New-Look Everton Can Provide Perfect Platform for Arch-Creator Lucas Digne

Declan Houten
Digne curled in an excellent free-kick against Spurs at the weekend
Digne curled in an excellent free-kick against Spurs at the weekend / Alex Pantling/Getty Images

Be honest, Everton fans, when was the last time you could justifiably claim bragging rights of any description over Liverpool?

Could it be said that you've won the last two consecutive summer transfer windows? Or that your currently hypothetical stadium is better than Anfield? Or that you have more former Barcelona players than them? None of these are exactly hitting the spot so far...

And yet, if we zero in on one of these ex-Barcelona players, we might (at first glance at least) identify something genuinely impressive that Everton has on Liverpool - the most creative full-back in the world.

Digne had 100 Shot Creating Actions (clue's in the name) to Trent's 83 and Robertson's 84
in 2018/19. Although Trent in particular has rocketed ahead of Digne on a season-by-season basis since then, recording a whopping 151 last season to Digne's 104 (according to FbRef).

However, the fact that Digne has even kept pace with a duo which is regularly heralded as the league's best ever, in a team that has been more or less consistently dysfunctional, has rightly given the Toffees something to shout about at long last (just remember not to mention all the other points of comparison between the two clubs).

Digne and Doherty couldn't be more different as full-backs
Digne and Doherty couldn't be more different as full-backs / Sam Bagnall - AMA/Getty Images

Digne-mania began again in earnest after Everton's surprise 1-0 win against Spurs, a match where almost every player in blue was faultless, but where the Frenchman grabbed the headlines after planting a beautiful curling free-kick onto the head of Dominic Calvert-Lewin.

When comparing him to one of Tottenham's full-backs in the same game, the debutant Matt Doherty, it became very clear exactly what Digne is about, and just how valuable he can be to Everton's Champions League aspirations.

Doherty's game was all about making late bursts into the box and looking to cut back the ball at the byline or have a go himself - in other words, shoot first, ask questions about defensive positioning later.

Digne never quite made the grade at Barcelona, but he has a chance at redemption now
Digne never quite made the grade at Barcelona, but he has a chance at redemption now / Power Sport Images/Getty Images

Digne, on the other hand, was much more focussed on moving on the ball efficiently and progressively from deep positions - he completed 87% of his 63 passes while Doherty completed 82% of his 44 (Sofascore).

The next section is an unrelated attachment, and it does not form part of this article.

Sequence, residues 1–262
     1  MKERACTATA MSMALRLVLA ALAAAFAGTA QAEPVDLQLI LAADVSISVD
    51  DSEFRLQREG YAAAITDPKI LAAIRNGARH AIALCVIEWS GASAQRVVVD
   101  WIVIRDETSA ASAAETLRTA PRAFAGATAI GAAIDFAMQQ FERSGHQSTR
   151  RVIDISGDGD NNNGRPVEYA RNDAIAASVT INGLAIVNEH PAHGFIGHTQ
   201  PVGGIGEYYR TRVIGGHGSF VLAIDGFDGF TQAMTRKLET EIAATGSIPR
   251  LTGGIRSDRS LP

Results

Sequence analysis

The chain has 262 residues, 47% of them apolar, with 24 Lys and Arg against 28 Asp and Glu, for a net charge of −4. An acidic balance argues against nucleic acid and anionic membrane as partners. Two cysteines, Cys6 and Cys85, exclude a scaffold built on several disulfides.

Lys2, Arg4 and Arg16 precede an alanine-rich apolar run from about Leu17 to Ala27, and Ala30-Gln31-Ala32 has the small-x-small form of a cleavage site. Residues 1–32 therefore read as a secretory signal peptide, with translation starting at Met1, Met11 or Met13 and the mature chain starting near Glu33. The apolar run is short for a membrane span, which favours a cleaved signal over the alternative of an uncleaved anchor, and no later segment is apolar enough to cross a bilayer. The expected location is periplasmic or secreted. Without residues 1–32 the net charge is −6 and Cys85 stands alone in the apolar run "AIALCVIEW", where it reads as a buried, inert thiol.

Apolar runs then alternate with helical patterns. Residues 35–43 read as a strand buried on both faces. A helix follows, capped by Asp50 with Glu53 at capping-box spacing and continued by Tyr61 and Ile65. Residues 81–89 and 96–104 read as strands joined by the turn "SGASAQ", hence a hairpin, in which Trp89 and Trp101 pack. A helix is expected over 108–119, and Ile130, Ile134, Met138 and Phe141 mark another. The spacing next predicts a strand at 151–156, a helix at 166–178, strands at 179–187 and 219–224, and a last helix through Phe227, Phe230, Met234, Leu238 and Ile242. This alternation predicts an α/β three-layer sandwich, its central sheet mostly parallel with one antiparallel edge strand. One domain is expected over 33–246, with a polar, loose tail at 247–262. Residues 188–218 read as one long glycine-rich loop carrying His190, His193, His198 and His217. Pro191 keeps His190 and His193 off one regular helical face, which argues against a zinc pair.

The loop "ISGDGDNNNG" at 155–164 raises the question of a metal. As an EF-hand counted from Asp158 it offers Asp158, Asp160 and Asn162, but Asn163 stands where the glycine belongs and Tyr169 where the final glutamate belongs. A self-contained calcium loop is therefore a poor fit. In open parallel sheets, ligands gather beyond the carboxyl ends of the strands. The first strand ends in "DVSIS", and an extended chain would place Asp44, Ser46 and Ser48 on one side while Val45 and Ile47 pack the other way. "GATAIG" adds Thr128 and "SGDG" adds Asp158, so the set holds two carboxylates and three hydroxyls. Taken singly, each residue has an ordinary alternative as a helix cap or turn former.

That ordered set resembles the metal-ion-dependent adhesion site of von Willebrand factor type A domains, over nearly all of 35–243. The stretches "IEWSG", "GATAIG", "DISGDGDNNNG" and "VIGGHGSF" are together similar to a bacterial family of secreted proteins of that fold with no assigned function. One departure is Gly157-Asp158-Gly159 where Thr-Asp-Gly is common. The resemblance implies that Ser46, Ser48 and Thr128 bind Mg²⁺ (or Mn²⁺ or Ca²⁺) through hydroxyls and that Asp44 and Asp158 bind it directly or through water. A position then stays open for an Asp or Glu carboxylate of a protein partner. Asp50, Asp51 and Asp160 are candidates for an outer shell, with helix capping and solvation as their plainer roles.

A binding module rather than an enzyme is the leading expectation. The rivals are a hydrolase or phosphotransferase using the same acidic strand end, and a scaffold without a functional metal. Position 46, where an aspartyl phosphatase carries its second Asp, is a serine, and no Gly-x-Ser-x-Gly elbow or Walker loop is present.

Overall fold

At times, it seemed as if the calculating Digne was anticipating the Irishman's exuberance so he could strike at the right moment, as in the second half when he spotted Doherty out of position and floated a wonderful ball to Richarlison which completely took the former Wolves man out of the equation.

If football's archetypal wing-back is Achraf Hakimi, whose direct style and intensity can completely overwhelm a side, Digne is more of a relaxed master of his craft, preferring his trusty left foot to dribbling or lung-busting runs on the counter attack.

This wasn't Digne's first assist against Spurs...
This wasn't Digne's first assist against Spurs... / OLI SCARFF/Getty Images

Of his seven assists last season the sheer variety stands out - there are deep floated crosses to the byline (against Wolves), inch-perfect slide-rule passes from behind the halfway line (Southampton), a typical cut back along the ground (Brighton) and even an outrageous first-time cross on the volley to Dominic Calvert-Lewin to set up a last-minute equaliser against Spurs.

This is the best kind of mixed bag, and what makes Digne stand out from his contemporaries, and his unpredictability has a clear effect on defenders, as in Everton's (ultimately banter-filled) draw against Newcastle last season where, because it looks as if he is able to pick out Bernard on the flanks, he is able to slip in Calvert-Lewin unopposed.

Within the context of Everton's swanky but enigmatic new side, which currently seems as likely to finish third as it does 14th, Digne's consistency and accuracy can provide the perfect platform for greatness.

Everton's new-look midfield is ready to help Digne
Everton's new-look midfield is ready to help Digne / Alex Pantling/Getty Images

Working alongside a rejuvenated Seamus Coleman on the other flank, and with a midfield which is no longer about as sturdy as porridge, Digne will find games a lot more stretched, and two energetic, intelligent forwards in Calvert-Lewin and Richarlison ready to capitalise on quality service.

In particular, the creative lynchpin James Rodríguez has shown an aptitude (although the season is young) for switching play from left to right and back again, and with defenders pulled out of position and Everton able to push higher up the pitch, Digne should have time and space to calibrate that left foot to perfection.

And if it all goes wrong? Well at least Everton fans will have the season where he created more than Trent and Robbo.